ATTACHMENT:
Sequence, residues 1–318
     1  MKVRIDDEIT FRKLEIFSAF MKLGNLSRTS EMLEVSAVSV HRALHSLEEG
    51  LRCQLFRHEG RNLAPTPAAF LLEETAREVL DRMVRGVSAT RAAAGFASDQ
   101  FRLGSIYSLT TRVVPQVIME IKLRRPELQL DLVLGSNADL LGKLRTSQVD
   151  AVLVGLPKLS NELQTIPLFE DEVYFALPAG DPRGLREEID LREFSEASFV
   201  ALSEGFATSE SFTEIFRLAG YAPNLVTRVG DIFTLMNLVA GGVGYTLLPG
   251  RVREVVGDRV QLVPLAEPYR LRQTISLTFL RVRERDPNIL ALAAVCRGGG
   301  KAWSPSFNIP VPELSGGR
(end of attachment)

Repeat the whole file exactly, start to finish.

Sequence, residues 1–318
     1  MKVRIDDEIT FRKLEIFSAF MKLGNLSRTS EMLEVSAVSV HRALHSLEEG
    51  LRCQLFRHEG RNLAPTPAAF LLEETAREVL DRMVRGVSAT RAAAGFASDQ
   101  FRLGSIYSLT TRVVPQVIME IKLRRPELQL DLVLGSNADL LGKLRTSQVD
   151  AVLVGLPKLS NELQTIPLFE DEVYFALPAG DPRGLREEID LREFSEASFV
   201  ALSEGFATSE SFTEIFRLAG YAPNLVTRVG DIFTLMNLVA GGVGYTLLPG
   251  RVREVVGDRV QLVPLAEPYR LRQTISLTFL RVRERDPNIL ALAAVCRGGG
   301  KAWSPSFNIP VPELSGGR